Tokamak Energy Ltd. | Date: 2015-04-09
An efficient compact nuclear fusion reactor for use as a neutron source or energy source includes a toroidal plasma chamber and a plasma confinement system arranged to generate a magnetic field for confining a plasma in the chamber, where the plasma confinement system is configured so that a major radius of the confined plasma is 1.5 m or less and the toroidal magnetic field is operated 5 T or less and the plasma current is 5 MA or less, yet a-particles generated are confined in the plasma.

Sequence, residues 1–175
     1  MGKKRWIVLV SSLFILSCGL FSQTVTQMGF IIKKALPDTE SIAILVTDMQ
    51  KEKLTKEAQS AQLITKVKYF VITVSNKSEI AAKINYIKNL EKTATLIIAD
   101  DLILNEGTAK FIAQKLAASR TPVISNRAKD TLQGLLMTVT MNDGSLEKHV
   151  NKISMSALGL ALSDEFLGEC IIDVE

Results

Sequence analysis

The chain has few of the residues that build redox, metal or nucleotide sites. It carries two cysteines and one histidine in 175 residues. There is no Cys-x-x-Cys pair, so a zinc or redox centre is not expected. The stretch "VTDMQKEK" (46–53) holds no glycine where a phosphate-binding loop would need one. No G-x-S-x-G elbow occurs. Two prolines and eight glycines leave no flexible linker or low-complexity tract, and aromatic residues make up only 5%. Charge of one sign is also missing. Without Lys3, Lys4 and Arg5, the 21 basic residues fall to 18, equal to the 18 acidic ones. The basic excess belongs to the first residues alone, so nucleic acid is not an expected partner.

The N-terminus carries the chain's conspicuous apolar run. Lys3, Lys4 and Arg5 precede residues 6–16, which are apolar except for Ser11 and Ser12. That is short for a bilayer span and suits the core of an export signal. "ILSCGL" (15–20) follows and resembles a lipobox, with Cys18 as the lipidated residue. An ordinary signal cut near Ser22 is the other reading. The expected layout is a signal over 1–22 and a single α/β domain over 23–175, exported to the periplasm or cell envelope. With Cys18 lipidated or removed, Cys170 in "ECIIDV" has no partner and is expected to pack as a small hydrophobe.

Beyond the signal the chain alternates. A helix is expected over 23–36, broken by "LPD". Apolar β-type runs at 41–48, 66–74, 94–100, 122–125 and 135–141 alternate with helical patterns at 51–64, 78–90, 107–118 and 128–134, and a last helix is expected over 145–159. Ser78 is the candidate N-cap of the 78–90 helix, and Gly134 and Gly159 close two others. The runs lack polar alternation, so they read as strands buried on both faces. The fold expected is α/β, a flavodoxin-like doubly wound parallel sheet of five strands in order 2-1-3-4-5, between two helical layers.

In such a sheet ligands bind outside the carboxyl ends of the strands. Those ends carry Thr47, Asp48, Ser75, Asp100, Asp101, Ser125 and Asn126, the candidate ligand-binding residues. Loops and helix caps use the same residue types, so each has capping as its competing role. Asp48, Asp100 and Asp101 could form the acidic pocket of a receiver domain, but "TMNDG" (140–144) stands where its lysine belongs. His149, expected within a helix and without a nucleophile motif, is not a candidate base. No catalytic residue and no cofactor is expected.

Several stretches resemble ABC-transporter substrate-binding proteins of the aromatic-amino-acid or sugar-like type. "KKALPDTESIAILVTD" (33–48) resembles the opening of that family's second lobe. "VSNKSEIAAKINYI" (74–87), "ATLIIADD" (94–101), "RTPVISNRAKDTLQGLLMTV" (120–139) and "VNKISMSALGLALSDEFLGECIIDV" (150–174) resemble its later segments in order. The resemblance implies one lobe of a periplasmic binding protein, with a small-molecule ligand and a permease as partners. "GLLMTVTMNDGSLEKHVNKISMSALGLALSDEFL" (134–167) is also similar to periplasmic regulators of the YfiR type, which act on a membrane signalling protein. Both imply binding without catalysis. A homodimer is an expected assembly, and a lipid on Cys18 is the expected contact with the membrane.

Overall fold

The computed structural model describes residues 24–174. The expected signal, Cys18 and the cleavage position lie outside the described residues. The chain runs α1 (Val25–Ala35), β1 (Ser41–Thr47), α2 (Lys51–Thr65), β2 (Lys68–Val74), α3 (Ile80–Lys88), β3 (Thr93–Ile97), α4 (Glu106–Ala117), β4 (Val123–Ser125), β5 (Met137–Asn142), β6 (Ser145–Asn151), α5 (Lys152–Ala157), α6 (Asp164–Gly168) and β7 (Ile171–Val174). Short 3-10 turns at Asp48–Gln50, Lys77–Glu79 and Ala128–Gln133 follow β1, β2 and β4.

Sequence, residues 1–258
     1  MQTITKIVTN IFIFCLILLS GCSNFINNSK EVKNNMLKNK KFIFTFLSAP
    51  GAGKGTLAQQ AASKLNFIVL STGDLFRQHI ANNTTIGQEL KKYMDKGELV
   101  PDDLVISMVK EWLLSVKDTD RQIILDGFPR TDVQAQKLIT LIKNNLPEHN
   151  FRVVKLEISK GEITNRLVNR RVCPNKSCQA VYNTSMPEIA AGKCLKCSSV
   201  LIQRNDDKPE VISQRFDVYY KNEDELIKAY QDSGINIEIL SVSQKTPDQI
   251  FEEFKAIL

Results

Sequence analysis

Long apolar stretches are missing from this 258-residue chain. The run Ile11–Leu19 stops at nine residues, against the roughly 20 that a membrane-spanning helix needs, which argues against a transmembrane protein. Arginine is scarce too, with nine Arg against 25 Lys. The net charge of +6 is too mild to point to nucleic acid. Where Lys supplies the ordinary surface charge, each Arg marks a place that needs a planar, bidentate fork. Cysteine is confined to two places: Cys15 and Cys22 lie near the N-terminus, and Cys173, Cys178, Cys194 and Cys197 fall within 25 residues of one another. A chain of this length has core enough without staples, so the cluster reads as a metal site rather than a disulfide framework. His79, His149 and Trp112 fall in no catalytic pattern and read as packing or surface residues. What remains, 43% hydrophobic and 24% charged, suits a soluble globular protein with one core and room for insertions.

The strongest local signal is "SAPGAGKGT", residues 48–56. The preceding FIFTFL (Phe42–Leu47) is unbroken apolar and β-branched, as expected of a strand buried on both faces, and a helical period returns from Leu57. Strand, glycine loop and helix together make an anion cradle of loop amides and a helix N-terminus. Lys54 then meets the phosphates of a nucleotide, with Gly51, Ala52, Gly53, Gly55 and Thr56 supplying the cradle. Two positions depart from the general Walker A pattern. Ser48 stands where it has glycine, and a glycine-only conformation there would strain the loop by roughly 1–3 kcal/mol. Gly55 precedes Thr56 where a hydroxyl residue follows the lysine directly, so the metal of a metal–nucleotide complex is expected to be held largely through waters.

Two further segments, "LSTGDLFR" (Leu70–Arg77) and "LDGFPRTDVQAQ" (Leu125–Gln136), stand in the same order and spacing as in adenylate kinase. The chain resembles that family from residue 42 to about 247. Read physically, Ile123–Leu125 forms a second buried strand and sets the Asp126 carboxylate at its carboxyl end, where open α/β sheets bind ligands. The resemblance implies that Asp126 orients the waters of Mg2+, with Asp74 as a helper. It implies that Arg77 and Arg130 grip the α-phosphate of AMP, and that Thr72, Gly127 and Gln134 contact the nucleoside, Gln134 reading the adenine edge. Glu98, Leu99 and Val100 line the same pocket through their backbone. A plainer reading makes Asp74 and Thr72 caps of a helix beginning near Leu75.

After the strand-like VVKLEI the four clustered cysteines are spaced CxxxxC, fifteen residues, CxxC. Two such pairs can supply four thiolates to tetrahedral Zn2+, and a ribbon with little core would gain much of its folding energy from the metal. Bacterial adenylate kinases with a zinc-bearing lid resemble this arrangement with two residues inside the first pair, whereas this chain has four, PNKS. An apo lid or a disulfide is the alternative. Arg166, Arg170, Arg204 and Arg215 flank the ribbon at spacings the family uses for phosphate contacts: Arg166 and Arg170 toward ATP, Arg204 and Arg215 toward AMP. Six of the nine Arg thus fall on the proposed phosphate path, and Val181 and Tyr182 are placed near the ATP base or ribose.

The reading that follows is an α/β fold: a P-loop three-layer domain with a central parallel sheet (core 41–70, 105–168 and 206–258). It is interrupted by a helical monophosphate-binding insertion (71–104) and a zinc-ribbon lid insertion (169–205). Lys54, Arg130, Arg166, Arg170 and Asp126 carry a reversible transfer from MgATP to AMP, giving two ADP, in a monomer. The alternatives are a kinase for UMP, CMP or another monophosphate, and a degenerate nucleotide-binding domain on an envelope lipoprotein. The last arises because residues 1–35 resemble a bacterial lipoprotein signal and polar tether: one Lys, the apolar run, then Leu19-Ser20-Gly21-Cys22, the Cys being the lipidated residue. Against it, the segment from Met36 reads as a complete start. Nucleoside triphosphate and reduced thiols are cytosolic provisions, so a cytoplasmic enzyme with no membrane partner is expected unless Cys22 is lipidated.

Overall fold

News Article | October 23, 2015